Marathon training after dark calls for runners to be safety conscious

Many still adjusting to shorter days due to time change

SAN ANTONIO – With the Humana Rock ‘N' Roll races just days away, thousands of local runners are getting close to completing their training.

However, the time they have left to prepare for the 5K, 10K, half-marathon or marathon isn’t the only thing that is on the downward slope. The days themselves are also getting shorter as the Winter Solstice gets closer.

That has left many runners putting in their miles in the dark.

“A lot of times, due to life stuff, you just have to run when you can run. And sometimes that just happens to be when it's dark,” said Jim Hernandez, who plans to run the full marathon on Sunday.

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Hernandez usually completes his training runs in the early mornings, before the sun comes up.

"I do like to run where it's lit up. Make sure I've got a lot of lights," Hernandez said.

His rules of the road may come in handy for others, especially those who usually run in the evenings. The time change has them running more and more without daylight lately.

“It’s up to me. It’s up to all of us to take precautions,” said Pat Brockman. 

She and her husband, Bo, head up the Downtown Run Group, an organization of more than 100 running enthusiasts who meet twice per week to log miles together and offer encouragement and advice.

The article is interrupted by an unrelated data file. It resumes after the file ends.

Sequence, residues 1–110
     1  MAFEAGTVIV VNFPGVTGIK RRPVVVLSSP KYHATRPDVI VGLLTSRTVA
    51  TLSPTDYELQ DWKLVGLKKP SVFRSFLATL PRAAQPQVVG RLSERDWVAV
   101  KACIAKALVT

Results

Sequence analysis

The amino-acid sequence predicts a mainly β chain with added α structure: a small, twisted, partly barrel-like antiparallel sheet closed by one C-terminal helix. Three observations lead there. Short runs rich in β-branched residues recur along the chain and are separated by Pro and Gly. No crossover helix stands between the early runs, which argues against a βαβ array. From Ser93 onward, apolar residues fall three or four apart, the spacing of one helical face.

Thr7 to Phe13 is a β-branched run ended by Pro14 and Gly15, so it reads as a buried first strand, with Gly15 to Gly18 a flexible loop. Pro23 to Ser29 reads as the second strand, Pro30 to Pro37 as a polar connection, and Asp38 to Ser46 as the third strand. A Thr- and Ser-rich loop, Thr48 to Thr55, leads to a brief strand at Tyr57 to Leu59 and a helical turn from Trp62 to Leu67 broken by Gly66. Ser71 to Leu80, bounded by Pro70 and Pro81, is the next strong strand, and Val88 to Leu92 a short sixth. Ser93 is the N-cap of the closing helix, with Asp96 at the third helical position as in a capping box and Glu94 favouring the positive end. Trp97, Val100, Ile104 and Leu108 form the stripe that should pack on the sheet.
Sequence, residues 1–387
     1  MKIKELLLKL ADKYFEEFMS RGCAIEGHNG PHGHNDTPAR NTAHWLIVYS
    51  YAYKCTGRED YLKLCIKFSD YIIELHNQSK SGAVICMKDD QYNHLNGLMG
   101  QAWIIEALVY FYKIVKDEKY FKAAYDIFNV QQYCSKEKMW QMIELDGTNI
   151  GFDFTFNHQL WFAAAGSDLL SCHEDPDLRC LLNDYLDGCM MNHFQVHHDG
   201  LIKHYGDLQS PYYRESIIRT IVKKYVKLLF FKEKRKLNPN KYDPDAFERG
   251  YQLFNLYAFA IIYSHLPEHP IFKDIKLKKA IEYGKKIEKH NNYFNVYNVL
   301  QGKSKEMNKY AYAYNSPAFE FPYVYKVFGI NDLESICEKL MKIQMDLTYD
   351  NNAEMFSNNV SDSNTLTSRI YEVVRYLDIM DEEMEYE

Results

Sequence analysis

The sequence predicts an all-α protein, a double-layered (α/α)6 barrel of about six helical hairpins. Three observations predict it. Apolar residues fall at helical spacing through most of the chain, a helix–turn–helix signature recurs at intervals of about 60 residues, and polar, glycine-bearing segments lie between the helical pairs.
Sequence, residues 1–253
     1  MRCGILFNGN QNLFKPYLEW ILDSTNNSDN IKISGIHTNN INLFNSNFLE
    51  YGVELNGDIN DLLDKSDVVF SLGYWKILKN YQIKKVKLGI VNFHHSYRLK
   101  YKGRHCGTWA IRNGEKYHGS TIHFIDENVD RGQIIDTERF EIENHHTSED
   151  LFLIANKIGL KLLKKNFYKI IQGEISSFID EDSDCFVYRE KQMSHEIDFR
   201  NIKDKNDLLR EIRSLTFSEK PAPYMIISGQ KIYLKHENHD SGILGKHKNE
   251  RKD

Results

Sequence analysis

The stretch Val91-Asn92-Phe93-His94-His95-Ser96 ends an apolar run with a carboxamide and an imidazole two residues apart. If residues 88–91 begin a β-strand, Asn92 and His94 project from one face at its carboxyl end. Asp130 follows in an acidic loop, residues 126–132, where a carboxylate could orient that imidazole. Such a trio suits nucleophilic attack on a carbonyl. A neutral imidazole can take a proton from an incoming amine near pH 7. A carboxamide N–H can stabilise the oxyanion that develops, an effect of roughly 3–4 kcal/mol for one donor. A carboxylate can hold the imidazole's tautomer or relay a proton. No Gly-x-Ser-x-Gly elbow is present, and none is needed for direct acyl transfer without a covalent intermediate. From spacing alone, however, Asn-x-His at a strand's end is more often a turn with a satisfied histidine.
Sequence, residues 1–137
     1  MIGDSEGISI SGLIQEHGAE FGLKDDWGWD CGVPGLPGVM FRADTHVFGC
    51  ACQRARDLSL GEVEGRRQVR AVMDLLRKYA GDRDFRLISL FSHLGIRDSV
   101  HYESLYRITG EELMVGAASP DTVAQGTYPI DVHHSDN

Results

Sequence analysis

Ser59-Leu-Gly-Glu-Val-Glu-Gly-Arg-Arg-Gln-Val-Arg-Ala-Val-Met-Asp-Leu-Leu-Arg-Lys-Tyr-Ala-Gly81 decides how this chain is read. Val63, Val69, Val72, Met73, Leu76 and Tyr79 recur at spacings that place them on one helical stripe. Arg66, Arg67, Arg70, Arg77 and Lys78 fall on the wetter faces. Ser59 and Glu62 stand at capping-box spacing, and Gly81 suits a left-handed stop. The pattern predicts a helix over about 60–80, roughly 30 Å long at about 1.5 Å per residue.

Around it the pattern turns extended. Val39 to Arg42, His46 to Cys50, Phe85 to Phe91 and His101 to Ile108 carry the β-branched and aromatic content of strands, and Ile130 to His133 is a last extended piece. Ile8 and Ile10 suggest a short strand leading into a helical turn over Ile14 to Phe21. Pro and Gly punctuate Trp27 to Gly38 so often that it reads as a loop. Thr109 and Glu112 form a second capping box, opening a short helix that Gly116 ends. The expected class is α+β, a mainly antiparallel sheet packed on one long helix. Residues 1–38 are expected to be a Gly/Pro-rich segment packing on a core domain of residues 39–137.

Bo Brockman said safety is a message he delivers to members regularly.

“Some of the precautions that you take when you’re running anyhow, you heighten those precautions when it’s dark,” he said.

He frequently reminds his fellow runners to wear clothing and accessories that help them stand out on the road, such as light colored tops, reflective gear, headlamps and flashing lights.

“Try to avoid isolated places,” he said. “Try to avoid routes that you don’t know.”

Pat Brockman said she has seen too many close calls for runners on the road, courtesy of distracted drivers.

“I see them looking at their phones,” she said.  “I see them just  not paying attention. I see them running a stop sign. "

Her husband said nearly every week, he hears about dangerous situations on the running course.

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That’s why he encourages group members to be aware of their surroundings.

You take responsibility for your safety and not leave it all up to the other person,” Bo Brockman said.

San Antonio police offered safety reminders to runners and park users following the reported rape of a jogger in Hardberger Park.

Among them were some tips that also might benefit nighttime runners.

Police said you should avoid running alone. If you bring along a buddy, one of you will be able to call for help if you need it.

They urge people to stay aware and not tune out what’s happening around them by wearing headphones.

Police also advise runners to stick to the well-lighted areas, and wear reflective gear and lights.

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